Cars are now coming with an increasing amount of standard safety kit. Among these is Autonomous Emergency Braking or AEB. It’s a safety system designed to prevent the front-to-rear shunts that make up a quarter of all road crashes.
What is AEB?
This is a computer system within the car that’s designed to automatically brake, if for whatever reason the driver isn’t showing signs of slowing down. It’s frequently called the most important safety feature since the seatbelt. The intention is it will either avoid crashes altogether or reduce the impact and therefore severity and damage of a crash.
Rather than replacing the driver, AEB is designed to be an extra pair of eyes watching over them. Braces to the driver’s belt, if you like.
When does it work?
There are various systems. Some operate at any speed. Some only work at very low speeds. As a rule of thumb, the cheaper the car, the less wide-ranging the AEB’s operating window. If you’re looking at a car with the system on, it’s worth checking the user manual to find out when it’s operational.
What sort of crashes do they avoid?
Perhaps the easiest accident for AEB to avoid is when you’re second in line to pull out of a junction. The car in front goes, you look to the right to check the way. But at the instant your gaze is turned away from the front, the other car decides to stop. With the road you’re pulling onto apparently clear, you accelerate – straight into the car in front.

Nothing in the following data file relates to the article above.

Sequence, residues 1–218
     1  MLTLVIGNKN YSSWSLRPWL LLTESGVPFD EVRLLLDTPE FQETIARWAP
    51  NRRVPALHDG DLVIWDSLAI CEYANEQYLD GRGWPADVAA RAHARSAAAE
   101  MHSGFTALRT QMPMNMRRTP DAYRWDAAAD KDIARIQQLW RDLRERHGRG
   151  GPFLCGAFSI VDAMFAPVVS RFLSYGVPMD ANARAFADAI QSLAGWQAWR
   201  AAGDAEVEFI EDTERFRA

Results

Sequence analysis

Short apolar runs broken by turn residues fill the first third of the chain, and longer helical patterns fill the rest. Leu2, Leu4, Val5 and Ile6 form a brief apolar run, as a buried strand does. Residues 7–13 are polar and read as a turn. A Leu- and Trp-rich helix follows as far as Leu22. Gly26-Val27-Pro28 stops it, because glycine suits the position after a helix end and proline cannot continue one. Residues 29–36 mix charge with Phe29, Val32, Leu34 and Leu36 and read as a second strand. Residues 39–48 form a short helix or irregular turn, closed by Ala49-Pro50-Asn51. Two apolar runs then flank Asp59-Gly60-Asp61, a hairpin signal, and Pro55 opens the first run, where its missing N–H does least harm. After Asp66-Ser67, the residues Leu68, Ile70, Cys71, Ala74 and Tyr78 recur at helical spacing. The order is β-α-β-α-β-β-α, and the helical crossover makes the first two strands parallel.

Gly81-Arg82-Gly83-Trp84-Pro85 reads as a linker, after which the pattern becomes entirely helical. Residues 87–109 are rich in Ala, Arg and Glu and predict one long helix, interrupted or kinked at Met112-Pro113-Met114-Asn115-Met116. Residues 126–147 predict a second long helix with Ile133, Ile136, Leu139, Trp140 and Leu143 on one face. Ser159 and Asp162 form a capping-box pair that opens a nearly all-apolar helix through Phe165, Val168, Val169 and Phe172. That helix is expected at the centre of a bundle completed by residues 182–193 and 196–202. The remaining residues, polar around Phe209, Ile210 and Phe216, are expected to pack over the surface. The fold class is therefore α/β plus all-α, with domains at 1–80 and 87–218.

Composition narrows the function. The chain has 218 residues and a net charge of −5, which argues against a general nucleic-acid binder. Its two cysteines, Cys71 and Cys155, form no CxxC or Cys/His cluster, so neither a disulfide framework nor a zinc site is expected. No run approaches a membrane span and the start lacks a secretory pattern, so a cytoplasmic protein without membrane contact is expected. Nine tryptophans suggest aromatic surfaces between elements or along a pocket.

Another common occurrence is on motorways, in slow moving traffic. Drivers’ concentration tends to wander and what’s known as tail-ending happens, making already congested traffic travel even more slowly.
How does it work?
The system uses LIDAR (light detection and ranging), radar or cameras, or in some cases a combination of all three. LIDAR is good at very low speeds. Cameras too are most effective at lower speeds. Radar is good for higher speeds. Whether working on their own or together, the idea is the systems look for obstacles ahead of the car. When they spot something, advanced computer algorithms calculate the risk. If they think there is a chance of a crash and the driver isn’t taking avoiding action, they apply the brakes, hopefully bringing the car safely to a stop.
Is it worth it?
Around two thirds of new cars sold since 2018 have the system fitted. Part of the reason for this is that cars can only win a Euro NCAP five-star rating if they come with AEB. The systems can’t make up for drivers not paying attention. And it won’t always avoid an accident. But it could save you some money and it might even save your life. If there’s a choice between two cars, one with AEB, one without, we’d choose the one with every time.
I’ve been writing about cars and motoring for more than 25 years. My career started on a long-departed classic car weekly magazine called AutoClassic. I’ve since pitched up at Autosport, Auto Express, the News of the World, Sunday Times and most recently the Daily Telegraph. When I’m not writing about cars and motoring, I’m probably doing some kind of sport or working in my garden.